The Valdosta Daily Times
Following remarks last week that distanced him from an anti-tax pledge, Georgia Senator Saxby Chambliss said Monday he remains true to his conservative standards.
“I have consistently stated that, due to my conservative principles, I am not in favor of tax increases,” Chambliss said in a statement sent to The Valdosta Daily Times. “I have also consistently said I am in favor of significant tax reform to lower tax rates and generate additional revenues. Those reforms should be on the table in this debt/deficit debate. However, this would only be acceptable in return for entitlement reforms from the other side that truly fix our long-term spending problem.”
The senator was unavailable for additional comment Monday afternoon.
Last week, Chambliss told Georgia television station WMAZ that he cares more about what’s good for the country in the face of the fiscal cliff of an estimated $600 billion in tax increases and spending cuts scheduled to begin 2013 without presidential and congressional action rather a decades-old tax pledge made to Grover Norquist, leader of the anti-tax lobbying group Americans for Tax Reform.
A majority of Republicans have signed the taxpayer protection pledge, vowing not to raise taxes or create new taxes.
On Thursday, Chambliss told the television station, “I care more about this country than
I do about a 20-year-old pledge. If we do it his way, then we’ll continue in debt, and I just have a disagreement with him (Norquist) about that.”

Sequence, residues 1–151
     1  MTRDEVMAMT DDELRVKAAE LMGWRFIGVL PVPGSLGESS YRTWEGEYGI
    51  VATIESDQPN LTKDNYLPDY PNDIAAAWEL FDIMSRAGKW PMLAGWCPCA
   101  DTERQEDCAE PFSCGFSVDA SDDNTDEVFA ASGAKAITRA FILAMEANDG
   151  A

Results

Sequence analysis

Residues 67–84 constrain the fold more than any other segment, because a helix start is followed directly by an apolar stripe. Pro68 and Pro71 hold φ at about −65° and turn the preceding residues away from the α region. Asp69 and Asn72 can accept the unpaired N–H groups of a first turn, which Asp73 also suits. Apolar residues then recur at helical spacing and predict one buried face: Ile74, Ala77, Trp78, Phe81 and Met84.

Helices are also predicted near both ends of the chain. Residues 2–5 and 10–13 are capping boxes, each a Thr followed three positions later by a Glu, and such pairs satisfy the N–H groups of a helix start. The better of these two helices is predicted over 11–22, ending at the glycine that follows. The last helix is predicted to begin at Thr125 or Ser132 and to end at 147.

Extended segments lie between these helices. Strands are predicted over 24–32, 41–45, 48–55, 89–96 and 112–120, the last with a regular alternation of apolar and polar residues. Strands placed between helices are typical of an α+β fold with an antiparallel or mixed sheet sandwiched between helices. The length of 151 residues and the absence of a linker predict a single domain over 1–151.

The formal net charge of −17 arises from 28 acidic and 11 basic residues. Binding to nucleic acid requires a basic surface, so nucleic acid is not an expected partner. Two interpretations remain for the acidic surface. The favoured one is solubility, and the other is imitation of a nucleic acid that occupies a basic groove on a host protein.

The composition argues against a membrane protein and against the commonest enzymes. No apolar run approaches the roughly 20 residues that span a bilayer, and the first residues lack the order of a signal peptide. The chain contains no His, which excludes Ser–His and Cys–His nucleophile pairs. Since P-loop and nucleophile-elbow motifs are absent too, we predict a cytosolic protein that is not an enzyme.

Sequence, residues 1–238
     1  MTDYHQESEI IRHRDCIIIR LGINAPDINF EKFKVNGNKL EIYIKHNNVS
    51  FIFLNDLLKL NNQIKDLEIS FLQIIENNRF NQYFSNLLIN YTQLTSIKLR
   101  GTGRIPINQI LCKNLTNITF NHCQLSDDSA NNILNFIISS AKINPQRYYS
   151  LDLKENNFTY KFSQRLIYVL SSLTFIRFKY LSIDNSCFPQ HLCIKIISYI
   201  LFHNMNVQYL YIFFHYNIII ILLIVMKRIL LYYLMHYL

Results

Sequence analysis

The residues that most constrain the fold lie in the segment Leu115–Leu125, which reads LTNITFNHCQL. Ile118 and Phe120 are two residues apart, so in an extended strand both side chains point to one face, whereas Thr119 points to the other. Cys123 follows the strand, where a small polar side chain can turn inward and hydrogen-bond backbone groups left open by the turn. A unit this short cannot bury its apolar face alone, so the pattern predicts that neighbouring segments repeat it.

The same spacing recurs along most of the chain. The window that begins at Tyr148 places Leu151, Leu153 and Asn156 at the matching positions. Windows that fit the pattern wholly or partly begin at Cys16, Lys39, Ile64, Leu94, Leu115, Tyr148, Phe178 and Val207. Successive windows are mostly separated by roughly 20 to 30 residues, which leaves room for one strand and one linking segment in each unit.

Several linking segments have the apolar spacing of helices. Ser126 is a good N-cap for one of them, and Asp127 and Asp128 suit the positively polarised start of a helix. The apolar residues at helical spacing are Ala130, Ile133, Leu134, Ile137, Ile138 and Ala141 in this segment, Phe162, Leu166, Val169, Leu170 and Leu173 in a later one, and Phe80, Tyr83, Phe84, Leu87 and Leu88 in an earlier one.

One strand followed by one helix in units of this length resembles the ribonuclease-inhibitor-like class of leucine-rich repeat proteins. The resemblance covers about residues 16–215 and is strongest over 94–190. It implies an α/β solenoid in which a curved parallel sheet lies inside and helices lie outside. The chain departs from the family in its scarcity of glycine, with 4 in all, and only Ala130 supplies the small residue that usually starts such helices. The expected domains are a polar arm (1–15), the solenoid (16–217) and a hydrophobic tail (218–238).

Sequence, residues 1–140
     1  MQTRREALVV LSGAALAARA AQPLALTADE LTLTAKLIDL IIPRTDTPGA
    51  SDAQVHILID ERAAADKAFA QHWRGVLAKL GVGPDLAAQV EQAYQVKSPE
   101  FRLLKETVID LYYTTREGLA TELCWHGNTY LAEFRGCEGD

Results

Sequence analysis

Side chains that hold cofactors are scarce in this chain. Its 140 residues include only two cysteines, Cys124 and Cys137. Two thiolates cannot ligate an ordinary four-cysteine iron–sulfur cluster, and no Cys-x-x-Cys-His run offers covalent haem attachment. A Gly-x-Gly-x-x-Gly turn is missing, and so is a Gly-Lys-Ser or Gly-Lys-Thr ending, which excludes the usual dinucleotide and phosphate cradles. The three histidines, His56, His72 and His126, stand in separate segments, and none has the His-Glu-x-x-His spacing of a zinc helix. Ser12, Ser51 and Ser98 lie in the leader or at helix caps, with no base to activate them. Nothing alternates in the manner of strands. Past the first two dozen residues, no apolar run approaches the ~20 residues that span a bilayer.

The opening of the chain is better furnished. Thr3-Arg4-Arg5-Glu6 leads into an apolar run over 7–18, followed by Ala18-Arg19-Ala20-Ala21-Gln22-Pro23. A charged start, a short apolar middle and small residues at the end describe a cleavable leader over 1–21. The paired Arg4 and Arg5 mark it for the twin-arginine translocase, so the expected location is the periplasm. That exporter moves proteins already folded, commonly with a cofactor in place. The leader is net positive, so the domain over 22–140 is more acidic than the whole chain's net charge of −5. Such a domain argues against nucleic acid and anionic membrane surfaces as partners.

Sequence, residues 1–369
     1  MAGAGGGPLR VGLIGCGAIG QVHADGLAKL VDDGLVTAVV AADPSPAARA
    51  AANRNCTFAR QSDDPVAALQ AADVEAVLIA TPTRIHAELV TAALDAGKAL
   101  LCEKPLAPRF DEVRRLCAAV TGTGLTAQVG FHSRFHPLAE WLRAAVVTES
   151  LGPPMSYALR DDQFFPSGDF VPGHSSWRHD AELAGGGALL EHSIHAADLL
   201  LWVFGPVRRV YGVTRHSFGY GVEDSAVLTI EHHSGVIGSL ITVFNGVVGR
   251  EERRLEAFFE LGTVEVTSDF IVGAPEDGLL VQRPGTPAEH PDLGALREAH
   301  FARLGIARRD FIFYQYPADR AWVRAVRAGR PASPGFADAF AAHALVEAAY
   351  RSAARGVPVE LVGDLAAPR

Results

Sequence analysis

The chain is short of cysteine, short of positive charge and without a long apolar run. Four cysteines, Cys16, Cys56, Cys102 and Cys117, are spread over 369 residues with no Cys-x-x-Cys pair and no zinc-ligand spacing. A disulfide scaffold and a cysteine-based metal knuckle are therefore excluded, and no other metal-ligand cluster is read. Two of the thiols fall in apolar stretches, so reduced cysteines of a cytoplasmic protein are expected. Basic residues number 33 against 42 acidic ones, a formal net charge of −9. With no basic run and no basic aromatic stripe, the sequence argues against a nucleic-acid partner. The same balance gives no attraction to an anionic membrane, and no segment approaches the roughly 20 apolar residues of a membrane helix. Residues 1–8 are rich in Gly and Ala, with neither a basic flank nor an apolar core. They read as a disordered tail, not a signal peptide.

Chambliss added, “Grover Norquist has no plan to pay this debt down. His plan says you continue to add to the debt. I just have a fundamental disagreement with him about that.”
Asked if Norquist would probably retaliate against Chambliss, the senator responded, “In all likelihood, yes.”
Thirty-nine senators and 219 House representatives have signed the anti-tax pledge, according to the Americans for Tax Reform website. In signing the pledge, congressmen agree to “oppose any and all efforts to increase the marginal income tax rate for individuals and businesses” and oppose all net reductions as well as the elimination of tax deductions and tax credits unless matched precisely with cutting the tax rate.
For years, Republicans who have signed the pledge have remained in lock step to uphold its tenets. Chambliss’ comments would have been considered heresy five years ago, or even a year ago, according to numerous political analysts in various media reports. But with the Republican loss in the recent election and the pending reality of the fiscal cliff, Chambliss may be leading the charge to defy the pledge and Norquist.
This weekend, following Chambliss’ comments, Sens. John McCain and Lindsey Graham and Rep. Peter King said they no longer felt obliged to follow the tax pledge. Reuters has reported that 16 new Republican congressmen have not signed the pledge.
Norquist is reportedly not worried about an overwhelming defection. The New York Times reported Norquist saying, “It’s been 22 years since a Republican voted for a tax increase in this town (Washington, D.C.). This is not my first rodeo.”